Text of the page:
In order to generalise evaluation results beyond the specific data set on which they were obtained, it is necessary to compute confidence intervals for the observed precision values and to test whether the observed result differences are significant. See (Evert, 2004, Sec. 5.3) for the methods used and the interpretation of their results.

Confidence intervals are computed by setting conf=TRUE and selecting an association measure with the conf.am parameter. The confidence intervals are displayed as a coloured or shaded region around the precision graph of this measure (confidence intervals are not available for graphs of recall or local precision). The default confidence level of 95% will rarely need to be changed. Optionally, a second confidence region can be displayed for a measure selected with the conf.am2 parameter.

Significance tests for the result differences are activated by setting test=TRUE (not available for graphs of local precision). The evaluation results of two association measures (specified with test.am1 and test.am2) are compared for selected n-best lists, and significant differences are marked by coloured triangles or arrows (when x.axis="recall"). The default significance level of 0.05 will rarely need to be changed. Use the test.step parameter to control the spacing of the triangles or arrows.

A significant difference indicates that measure A is truly better than measure B, rather than just as a coincidence in a single evaluation experiment. Formally, this “true performance” can be defined as the average precision of a measure, obtained by averaging over many similar evaluation experiments. Thus, a significant difference means that the average precision of A is higher than that of B, but it does not indicate how great the difference is. A tiny difference (say, of half a percent point) is hardly relevant for an application, even if there is significant evidence for it. If the test.relevant parameter is set, the evaluation.plot function attempts to estimate whether there is significant evidence for a relevant difference (of at least a many percent points as given by the value of test.relevant), and marks such cases by darker triangles or arrows. This feature should be considered experimental and used with caution, as the computation involves many approximations and guesses (exact statistical inference for the difference in true precision not being available).

It goes without saying that confidence regions and significance tests do not allow evaluation results to be generalised to a different extraction task (i.e. another type of cooccurrences or another definition of true positives), or even to the same task under different conditions (such as a source corpus from a different domain, register, time, or a corpus of different size). The unpredictability of the performance of association measures for different extraction tasks or under different conditions has been confirmed by various evaluation studies.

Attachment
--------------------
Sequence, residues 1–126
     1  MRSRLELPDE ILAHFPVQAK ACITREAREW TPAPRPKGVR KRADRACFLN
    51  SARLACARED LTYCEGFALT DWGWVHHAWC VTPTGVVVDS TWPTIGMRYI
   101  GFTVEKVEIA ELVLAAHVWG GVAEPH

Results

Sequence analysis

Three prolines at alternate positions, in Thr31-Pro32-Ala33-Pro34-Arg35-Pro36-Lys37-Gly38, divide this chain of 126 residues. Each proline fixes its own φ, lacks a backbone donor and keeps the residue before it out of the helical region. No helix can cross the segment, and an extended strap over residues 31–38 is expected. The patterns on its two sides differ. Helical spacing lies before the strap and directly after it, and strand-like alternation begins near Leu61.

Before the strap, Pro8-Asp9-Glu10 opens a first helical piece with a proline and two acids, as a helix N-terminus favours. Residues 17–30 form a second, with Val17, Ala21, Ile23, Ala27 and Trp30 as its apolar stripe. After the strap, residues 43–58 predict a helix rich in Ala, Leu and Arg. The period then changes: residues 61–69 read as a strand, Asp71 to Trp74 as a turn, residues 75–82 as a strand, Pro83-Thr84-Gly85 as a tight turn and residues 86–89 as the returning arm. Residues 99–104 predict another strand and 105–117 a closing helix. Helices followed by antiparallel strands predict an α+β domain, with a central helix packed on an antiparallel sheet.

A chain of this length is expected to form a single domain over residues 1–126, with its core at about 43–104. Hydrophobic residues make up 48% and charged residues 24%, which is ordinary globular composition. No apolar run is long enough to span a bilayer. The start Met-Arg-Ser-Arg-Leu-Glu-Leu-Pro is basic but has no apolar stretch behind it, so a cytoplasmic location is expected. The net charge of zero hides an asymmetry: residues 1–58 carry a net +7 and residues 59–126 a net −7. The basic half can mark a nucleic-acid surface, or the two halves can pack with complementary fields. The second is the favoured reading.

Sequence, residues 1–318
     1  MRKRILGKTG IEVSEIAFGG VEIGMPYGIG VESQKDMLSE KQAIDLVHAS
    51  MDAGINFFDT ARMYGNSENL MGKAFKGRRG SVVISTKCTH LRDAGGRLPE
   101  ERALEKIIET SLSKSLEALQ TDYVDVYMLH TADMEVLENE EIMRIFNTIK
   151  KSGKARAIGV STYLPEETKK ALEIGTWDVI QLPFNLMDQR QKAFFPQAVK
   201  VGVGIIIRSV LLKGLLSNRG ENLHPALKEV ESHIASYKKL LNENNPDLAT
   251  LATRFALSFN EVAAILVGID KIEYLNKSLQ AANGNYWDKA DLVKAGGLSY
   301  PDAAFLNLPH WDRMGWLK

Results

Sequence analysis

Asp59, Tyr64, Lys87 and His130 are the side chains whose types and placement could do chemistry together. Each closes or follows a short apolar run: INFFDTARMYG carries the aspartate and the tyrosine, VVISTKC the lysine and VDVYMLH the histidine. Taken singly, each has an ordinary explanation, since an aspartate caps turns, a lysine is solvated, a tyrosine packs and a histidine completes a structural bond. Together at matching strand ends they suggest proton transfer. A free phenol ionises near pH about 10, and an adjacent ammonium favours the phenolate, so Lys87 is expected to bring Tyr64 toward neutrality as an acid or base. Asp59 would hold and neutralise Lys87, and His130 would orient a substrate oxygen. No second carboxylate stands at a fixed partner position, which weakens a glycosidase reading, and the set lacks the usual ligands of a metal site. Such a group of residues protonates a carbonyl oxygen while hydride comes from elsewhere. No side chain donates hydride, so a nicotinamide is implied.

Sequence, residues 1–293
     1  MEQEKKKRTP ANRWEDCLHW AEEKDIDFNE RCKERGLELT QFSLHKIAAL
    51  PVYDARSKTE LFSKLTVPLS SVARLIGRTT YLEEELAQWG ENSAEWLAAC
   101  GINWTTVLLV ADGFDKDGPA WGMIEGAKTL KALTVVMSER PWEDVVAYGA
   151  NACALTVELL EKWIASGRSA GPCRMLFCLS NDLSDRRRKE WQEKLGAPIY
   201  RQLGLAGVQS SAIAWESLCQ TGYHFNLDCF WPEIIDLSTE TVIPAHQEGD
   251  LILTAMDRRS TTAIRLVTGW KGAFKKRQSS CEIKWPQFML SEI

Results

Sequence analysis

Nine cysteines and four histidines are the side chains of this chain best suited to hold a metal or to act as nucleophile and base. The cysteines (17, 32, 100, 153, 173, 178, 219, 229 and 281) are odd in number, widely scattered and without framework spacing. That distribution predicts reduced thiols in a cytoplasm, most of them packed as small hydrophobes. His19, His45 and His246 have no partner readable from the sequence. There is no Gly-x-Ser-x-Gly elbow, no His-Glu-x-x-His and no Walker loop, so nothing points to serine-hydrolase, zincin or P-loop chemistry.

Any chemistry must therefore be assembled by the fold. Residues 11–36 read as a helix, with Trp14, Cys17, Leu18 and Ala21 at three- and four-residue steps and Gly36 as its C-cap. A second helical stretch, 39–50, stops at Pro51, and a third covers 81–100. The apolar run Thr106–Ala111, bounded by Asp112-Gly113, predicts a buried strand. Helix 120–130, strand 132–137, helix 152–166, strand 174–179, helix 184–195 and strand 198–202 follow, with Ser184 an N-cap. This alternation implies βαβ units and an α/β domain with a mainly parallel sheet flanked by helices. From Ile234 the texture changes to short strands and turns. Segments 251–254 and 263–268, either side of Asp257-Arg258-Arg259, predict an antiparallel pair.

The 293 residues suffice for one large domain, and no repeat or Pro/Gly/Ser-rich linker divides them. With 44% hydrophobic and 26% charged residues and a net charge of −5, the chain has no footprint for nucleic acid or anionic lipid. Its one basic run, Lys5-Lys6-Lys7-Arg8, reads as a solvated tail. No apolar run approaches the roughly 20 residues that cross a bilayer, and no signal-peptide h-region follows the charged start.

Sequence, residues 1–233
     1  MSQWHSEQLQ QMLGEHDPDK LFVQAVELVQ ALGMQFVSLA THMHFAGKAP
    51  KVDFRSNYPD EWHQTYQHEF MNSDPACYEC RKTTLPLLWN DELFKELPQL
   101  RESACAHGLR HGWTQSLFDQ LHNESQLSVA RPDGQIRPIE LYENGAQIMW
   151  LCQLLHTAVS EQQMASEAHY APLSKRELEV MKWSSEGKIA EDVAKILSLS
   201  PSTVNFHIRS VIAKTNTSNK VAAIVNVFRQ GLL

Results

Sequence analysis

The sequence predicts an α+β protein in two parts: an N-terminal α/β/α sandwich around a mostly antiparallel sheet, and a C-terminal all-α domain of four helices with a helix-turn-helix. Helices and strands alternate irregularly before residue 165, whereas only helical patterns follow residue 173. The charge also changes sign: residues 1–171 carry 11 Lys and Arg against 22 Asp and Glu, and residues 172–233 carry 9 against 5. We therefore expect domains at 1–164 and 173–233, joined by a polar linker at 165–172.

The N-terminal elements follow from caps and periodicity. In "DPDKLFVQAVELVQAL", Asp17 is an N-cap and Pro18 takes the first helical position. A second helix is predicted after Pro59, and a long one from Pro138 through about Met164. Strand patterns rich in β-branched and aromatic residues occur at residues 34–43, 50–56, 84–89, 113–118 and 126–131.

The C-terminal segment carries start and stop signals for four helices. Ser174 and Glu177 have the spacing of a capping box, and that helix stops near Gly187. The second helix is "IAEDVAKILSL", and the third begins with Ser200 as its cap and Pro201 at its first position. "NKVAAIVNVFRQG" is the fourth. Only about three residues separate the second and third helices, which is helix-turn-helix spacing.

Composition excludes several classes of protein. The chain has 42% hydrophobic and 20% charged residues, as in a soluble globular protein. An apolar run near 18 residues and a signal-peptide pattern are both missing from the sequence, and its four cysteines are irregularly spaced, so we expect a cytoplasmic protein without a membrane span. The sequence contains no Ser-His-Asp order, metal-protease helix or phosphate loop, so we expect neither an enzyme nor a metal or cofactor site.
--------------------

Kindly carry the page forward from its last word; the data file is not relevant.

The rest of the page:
Generally, evaluation plots can be drawn in two modes: colour (bw=FALSE, the default) or black and white (bw=TRUE). The styles of evaluation graphs are controlled by the respective settings in ucs.par, while the appearance of various other elements is hard-coded in the evaluation.plot function. In particular, confidence regions are either filled with a light background colour (colour mode) or shaded with diagonal lines (B/W mode). The triangles or arrows used to mark significant differences are yellow or red (indicating relevance) in colour mode, and light grey or dark grey (indicating relevance) in B/W mode. B/W mode is mainly used to produce PostScript files to be included as figures in articles, but can also be displayed on-screen for testing purposes.

The evaluation.plot function supports evaluation based on random samples, or RSE for short (Evert, 2004, Sec. 5.4). Missing values (NA) in the tp vector (or the b.TP variable in ds) are interpreted as unannotated candidates. In this case, precision, recall and local precision are computed as maxmium-likelihood estimates based on the annotated candidates. Confidence intervals and significance tests, which should not be absent from any RSE, are adjusted accordingly. A confidence interval for the baseline precision is automatically shown (by thin dotted lines) when RSE is detected. Note that n-best lists (as shown on the x-axis) still refer to the full data set, not just to the number of annotated candidates.


The following functions are provided for compatibility with earlier versions of UCS/R: precision.plot, recall.plot, and recall.precision.plot. They are simple front-ends to evaluation.plot with the implicit parameter settings y.axis="recall" and y.axis="precision", x.axis="recall" for the latter two.


Evert, Stefan (2004). The Statistics of Word Cooccurrences: Word Pairs and Collocations. PhD Thesis, IMS, University of Stuttgart.

See Also

ucs.par, evaluation.file, read.ds.gz, and precision.recall. The R script ‘tutorial.R’ in the ‘script/’ directory provides a gentle introduction to the wide range of possibilities offered by the evaluation.plot function.

[Package UCS version 0.5 Index]